This randomized phase 2 study is, to our knowledge, the first to evaluate the efficacy of adding an anti–PD-1 agent to chemotherapy compared with chemotherapy alone in patients with HR-positive, ERBB2-negative MBC. The combination of pembrolizumab and eribulin was not associated with an improvement in any efficacy outcome, including PFS, ORR, or OS, compared with eribulin alone in this population. Additionally, exploratory analyses found no association of PD-L1, TILs, TMB, or genomic alterations with PFS. While there were no unexpected AEs in the combination arm, there were 2 treatment-related deaths that were attributed to both agents. None of the 14 patients who received pembrolizumab monotherapy following progression while taking eribulin experienced objective responses, and only 1 patient had stable disease.

    One strategy to potentially augment immune response in HR-positive breast tumors has been to add a chemotherapy partner to immunotherapy.15 In mTNBC, this approach has become standard for patients with PD-L1–positive tumors16; however, in HR-positive, ERBB2-negative breast cancer, the benefit of adding immunotherapy to chemotherapy remains unknown. A recent study showed that triple-negative tumors with elevated TGF-β–dependent signatures are associated with immunosuppressive signals and have immune microenvironments characterized by T-cell exclusion.17 Additionally, preclinical work has demonstrated that eribulin decreases TGF-β signaling in breast cancer models.8,9 Based on these data, we hypothesized that pembrolizumab may be synergistic with eribulin. However, our findings did not reveal any benefit from the combination in this population. It is worth noting that the ORR seen in the control arm of this study is higher than previously reported for eribulin in this setting. In a phase 3 study that compared the efficacy of eribulin with capecitabine (Study 301) for patients with ERBB2-negative advanced breast cancer with 0 to 2 prior lines of therapy,7 the ORR was 11% in the eribulin arm, while in this current study, the ORR was 34%.

    In other malignant neoplasms and in mTNBC, it has been recognized that activity of immunotherapy appears to be greater in less pretreated patients.18,19 During tumor evolution, the tumor microenvironment becomes progressively more immunosuppressed. Although there are less data available for metastatic HR-positive breast cancer, several groups have shown that, compared with primary tumors, mTNBC is less immunogenic, phenotypically characterized by low TILs and a marked reduction of interferon γ signature.20,21 Thus, an important factor to be considered for the lack of benefit seen from the addition of pembrolizumab in this trial is that 61% of patients had been previously exposed to chemotherapy in the metastatic setting and 73% had received prior CDK4/6 inhibitors. In fact, the I-SPY2 trial22 showed that the addition of pembrolizumab to preoperative chemotherapy in early-stage HR-positive breast cancer nearly tripled the pathologic complete response rate when compared with chemotherapy alone.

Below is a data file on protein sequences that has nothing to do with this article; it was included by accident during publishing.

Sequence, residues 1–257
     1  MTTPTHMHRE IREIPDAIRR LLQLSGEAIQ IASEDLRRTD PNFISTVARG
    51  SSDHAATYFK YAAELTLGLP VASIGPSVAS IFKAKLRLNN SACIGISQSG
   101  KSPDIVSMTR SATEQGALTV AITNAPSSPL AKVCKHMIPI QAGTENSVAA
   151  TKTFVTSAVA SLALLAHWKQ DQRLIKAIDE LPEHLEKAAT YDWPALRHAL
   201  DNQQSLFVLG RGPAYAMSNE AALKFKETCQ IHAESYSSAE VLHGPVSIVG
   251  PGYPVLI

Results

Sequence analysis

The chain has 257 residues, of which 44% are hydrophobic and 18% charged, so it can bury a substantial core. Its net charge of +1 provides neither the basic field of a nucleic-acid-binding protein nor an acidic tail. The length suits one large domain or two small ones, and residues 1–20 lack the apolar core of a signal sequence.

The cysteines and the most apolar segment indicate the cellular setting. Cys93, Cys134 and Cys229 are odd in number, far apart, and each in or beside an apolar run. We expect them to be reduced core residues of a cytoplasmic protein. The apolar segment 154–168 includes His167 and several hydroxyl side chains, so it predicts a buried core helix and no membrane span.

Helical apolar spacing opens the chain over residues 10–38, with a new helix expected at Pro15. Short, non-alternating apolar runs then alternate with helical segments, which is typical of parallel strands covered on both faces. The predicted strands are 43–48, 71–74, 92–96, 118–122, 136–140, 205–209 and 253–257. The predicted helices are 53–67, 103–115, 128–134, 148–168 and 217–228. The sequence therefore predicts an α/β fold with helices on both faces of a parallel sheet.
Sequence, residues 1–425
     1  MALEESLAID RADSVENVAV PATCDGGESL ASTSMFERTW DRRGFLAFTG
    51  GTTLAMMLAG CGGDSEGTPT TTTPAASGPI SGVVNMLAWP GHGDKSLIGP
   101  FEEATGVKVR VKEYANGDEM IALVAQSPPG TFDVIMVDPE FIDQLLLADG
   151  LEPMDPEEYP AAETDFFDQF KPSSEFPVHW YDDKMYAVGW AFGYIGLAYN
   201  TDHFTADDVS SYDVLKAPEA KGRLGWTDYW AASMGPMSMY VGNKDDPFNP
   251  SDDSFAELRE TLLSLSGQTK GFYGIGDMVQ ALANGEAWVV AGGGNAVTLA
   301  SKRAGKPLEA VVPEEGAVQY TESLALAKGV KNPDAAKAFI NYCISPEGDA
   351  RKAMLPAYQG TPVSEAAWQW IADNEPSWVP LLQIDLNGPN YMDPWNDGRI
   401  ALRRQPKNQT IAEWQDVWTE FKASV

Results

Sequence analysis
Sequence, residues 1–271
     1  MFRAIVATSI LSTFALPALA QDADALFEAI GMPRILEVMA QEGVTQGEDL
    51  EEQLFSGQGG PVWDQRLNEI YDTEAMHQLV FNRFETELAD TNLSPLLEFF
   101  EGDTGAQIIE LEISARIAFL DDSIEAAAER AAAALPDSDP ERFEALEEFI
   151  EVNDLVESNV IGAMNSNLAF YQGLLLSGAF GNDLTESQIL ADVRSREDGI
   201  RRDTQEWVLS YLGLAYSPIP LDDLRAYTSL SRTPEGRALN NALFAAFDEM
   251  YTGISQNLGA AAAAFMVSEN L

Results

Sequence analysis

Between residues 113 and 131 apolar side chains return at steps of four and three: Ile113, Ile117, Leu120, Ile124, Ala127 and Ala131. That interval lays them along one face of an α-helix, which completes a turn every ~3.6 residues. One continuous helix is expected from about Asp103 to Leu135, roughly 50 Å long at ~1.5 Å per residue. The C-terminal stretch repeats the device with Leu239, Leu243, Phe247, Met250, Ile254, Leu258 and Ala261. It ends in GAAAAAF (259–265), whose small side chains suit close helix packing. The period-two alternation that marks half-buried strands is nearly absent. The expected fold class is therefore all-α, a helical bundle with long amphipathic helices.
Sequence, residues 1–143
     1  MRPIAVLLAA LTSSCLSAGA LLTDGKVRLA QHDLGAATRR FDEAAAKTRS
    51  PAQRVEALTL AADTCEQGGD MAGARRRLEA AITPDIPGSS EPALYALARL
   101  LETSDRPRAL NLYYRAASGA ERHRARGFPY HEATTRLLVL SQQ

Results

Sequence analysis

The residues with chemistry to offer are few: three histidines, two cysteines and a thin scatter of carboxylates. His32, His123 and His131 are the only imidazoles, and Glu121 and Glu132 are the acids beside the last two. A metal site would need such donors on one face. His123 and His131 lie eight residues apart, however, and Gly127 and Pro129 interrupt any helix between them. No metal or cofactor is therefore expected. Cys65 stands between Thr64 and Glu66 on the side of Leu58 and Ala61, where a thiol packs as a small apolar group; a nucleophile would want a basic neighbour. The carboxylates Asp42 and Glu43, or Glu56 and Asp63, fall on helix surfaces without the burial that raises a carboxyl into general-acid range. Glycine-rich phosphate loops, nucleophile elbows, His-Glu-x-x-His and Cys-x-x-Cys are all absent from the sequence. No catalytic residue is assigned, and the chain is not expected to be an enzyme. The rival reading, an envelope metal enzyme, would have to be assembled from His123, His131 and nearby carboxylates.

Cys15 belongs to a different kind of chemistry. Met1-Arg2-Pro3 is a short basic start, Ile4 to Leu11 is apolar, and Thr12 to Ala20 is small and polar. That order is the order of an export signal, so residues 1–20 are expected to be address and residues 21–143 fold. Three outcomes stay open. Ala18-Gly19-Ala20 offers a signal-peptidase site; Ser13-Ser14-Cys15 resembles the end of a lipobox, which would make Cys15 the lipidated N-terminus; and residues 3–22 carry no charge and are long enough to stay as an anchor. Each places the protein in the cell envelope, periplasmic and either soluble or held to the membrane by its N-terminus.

Exploratory analyses also did not show any association of PD-L1 status, TILs, or TMB with PFS in either arm. While there are data that PD-L1 positivity with a combined positive score of 10 or greater using the 22C3 antibody predicted benefit of the addition of pembrolizumab to chemotherapy among patients with mTNBC,23 this study was conducted prior to the availability of these results and used MPS testing with 22C3. There was a trend toward improved PFS with the addition of pembrolizumab in patients with a high TMB; however, only 59% of patients had TMB tested, and only 7 had a high TMB. Thus, our study lacked power to conclude whether TMB is predictive of benefit to immunotherapy in this population. Additional efforts should be made to definitively evaluate this issue in HR-positive, ERBB2-negative breast cancer. In this study, we also did not find any association of TILs with outcome in either arm. Similarly, our genomic analysis did not reveal specific genomic alterations associated with improved PFS, with the important caveat that this analysis was limited by small numbers and a sequencing panel with only a limited number of genes, and the majority of the sequencing data were derived from primary tumor samples.

    No new AEs were identified; however, the frequency of fatigue, alopecia, and hepatitis was higher in the combination arm. Notably, 2 patients receiving eribulin with pembrolizumab died of complications from immune-related colitis and sepsis. A prior study of eribulin with pembrolizumab conducted in more than 100 patients with mTNBC showed promising results with the same combination, and the AE profiles were similar, except that no fatal AEs occurred.10

    Limitations

    Despite the randomized design and well-balanced population in this study, there are some limitations. First, missing tumor samples prevented us from performing the exploratory analyses related to TILs, PD-L1 status, and TMB in the entire population. Second, most samples available for the biomarker exploratory analysis came from primary tumors, and it has been recognized that the genomic landscape of recurrent MBC is distinct from that of primary tumors.24 Third, given the small sample size of patients with PD-L1–positive tumors, there was insufficient power to evaluate whether PD-L1 positivity was predictive of benefit to the experimental regimen.

    Conclusions